McAdams’s success was based upon more than his youthful, earnest Eagle Scout appearance and his clever sense of humor. His campaign is a model for the type of politics that Utahns want and to which they respond favorably. McAdams’ campaign and message were positive, civil, collaborative, emphasized policy processes rather than predetermined solutions and were pragmatic and moderate.
McAdams did not campaign on failures, real or perceived, of county government and its officials. He did not criticize the past; he described a positive vision for the future. He did not put others down; he acknowledged the successes of others. He did not personalize and demonize; he expressed respect in word and actions. He did not claim to have all the answers; he claimed the role of facilitator and collaborator. He did not assert the best answer; he proposed cooperation with others to find the best answers. His campaign was based upon old fashioned Utah notions like compromise does not mean surrender; like bipartisanship is not treason, and like people really do vote for the “man” and not the party. And voters judged that he was right.
I am convinced that McAdams ran the type of campaign and presented himself in a manner that Utah voters (on the right and on the left, Mormon and non-Mormon, native and newcomer, urban and rural) want and expect from their leaders and campaigns. Cynics will say that negativity, extremism and campaigns based upon narrow special interests have been successful in the past and will continue to be into the future. Unfortunately there is some truth to this point of view. These negative types of campaigns have been successful, not because of value of the approaches but, because Utah voters have been sufficiently satisfied and have not expected or demanded more of their politicians.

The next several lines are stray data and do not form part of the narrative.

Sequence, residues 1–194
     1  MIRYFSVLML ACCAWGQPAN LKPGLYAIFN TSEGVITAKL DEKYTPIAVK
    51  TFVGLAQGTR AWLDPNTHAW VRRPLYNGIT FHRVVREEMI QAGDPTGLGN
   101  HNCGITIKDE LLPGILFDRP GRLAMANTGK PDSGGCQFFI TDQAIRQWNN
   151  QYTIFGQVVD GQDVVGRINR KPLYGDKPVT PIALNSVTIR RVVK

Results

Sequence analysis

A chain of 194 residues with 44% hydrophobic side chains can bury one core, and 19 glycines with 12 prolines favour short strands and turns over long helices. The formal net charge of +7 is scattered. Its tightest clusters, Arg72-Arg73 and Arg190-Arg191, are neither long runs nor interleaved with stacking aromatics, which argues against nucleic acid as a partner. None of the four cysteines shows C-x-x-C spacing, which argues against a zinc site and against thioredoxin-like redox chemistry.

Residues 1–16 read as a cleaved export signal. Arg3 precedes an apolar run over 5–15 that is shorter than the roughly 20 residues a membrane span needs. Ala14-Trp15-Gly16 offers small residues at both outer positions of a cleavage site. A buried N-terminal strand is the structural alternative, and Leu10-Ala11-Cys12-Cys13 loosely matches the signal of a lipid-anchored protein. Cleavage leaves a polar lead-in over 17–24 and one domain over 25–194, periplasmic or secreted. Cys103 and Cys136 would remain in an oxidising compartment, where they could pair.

I have focused on the style and substance of McAdams because more voters vote for this contest than almost any other in the state. It is a great case, as well, because the results of the election went dramatically against the conventional wisdom and the polls. This demonstrates the effectiveness and widespread appeal and support for this type of campaign among Utahns. To be fair to other candidates, many positive campaigns were waged across the state. The problem is there were not enough and, as we know, several name calling, finger pointing, epithet uttering campaigns never came close to this standard.
We are fortunate as we end this long political season to have had McAdams set a high standard of civility and moderation. We are fortunate that we, Utah voters, have finally come to recognize and reward such campaigns and candidates at a time when negativity and hostility prevails in so many places. Let’s don’t forget these lessons and let’s hold ourselves, our parties and our candidates to these standards from which we, collectively, may easily stray.
Scott O. Konopasek is a consultant to local government and a former election official. He is a doctoral candidate in Political Science at the University of Utah.